It started off right after lunch yesterday. I figured it was a reaction to the jerk chicken sauce causing me to cough and feel a touch asthmatic, even though the sauce wasn't that spicy.
The cough stayed with me. I did some shopping, and on my way home got hit with a headached and dizzy spells. Great. As I got home, it increased to a fever. Fantastic. As much as I just wanted to curl up in bed, I had things that needed to be done. So I did them. I eventually called it an early night, turned off the A/C, and proceeded to sweat through the night - on purpose. At some point, I started dreaming.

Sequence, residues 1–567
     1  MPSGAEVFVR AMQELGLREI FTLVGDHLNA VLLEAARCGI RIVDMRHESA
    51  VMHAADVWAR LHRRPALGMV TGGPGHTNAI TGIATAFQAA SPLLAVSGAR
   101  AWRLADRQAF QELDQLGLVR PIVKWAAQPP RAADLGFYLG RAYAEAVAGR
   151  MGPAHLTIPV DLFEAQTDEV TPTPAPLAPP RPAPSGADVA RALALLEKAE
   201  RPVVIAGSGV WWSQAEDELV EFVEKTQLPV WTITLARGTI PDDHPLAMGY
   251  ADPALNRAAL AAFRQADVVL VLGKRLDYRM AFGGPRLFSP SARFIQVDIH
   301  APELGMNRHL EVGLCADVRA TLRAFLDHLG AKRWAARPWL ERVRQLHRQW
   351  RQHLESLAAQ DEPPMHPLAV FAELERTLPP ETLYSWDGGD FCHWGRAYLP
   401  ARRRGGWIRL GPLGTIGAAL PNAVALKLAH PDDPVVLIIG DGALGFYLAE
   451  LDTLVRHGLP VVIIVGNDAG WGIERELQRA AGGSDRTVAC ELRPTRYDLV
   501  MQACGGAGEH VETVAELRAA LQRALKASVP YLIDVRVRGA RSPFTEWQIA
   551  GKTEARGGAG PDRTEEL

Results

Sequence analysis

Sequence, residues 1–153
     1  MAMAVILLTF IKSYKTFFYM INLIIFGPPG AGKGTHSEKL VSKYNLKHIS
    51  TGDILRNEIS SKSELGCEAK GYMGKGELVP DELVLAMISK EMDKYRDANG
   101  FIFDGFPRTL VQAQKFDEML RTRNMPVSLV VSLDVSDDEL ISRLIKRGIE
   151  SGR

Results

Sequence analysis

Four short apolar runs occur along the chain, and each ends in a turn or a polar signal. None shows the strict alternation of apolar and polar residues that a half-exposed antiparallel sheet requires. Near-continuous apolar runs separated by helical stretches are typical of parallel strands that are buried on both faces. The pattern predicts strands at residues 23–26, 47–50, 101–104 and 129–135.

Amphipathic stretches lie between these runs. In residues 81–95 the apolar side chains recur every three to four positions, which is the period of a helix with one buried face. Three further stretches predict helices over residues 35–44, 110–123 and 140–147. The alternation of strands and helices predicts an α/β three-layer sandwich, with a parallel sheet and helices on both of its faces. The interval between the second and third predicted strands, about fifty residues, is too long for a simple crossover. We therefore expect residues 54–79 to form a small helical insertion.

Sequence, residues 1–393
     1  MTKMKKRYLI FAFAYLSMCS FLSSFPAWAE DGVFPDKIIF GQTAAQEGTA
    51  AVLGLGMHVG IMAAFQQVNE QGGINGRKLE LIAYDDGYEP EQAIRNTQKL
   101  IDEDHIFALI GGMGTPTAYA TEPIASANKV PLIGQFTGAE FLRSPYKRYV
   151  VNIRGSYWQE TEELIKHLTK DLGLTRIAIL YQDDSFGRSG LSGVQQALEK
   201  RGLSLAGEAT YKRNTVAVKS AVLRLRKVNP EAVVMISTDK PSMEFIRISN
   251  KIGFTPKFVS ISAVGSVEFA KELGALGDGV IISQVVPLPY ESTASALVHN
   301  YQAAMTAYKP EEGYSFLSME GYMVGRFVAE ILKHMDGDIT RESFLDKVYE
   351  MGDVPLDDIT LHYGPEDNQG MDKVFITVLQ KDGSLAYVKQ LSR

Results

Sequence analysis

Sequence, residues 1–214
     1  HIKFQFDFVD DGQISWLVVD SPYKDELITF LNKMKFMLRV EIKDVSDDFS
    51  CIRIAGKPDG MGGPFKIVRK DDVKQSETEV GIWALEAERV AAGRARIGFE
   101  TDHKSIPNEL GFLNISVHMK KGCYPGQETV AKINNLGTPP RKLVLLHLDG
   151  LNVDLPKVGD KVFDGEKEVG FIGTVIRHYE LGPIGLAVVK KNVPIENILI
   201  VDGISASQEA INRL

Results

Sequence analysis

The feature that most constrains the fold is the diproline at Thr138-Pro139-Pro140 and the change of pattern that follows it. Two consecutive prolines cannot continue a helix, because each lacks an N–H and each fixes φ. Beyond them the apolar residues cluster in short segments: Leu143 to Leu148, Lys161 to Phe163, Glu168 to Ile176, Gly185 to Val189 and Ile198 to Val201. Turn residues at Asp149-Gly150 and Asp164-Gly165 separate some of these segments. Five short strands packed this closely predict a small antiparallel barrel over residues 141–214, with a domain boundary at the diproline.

I knew how to cure myself. I merely needed to craft the ultimate cast iron griddle. As I wandered around a dirt parking lot, near a grassy knoll, I gathered the required materials. I spent hours crafting the griddle, in the heat. At 4:45am, I woke up, the griddle was complete. Strangely, it was this time the fever broke too. Not quite enough though, as I spent the next 3 hours drifting in and out of consciousness, protecting the griddle from those who wished to use it for themselves. Nay! I needed it for my own restoration of health!
Around quarter-to-eight, I realized the entire thing was ridiculous and that I hated fever dreams.
Head's still throbbing and cloudy. Cough is still present. Fever's gone. Everything aches. Yet here I sit at work. I'm such a fucking trooper.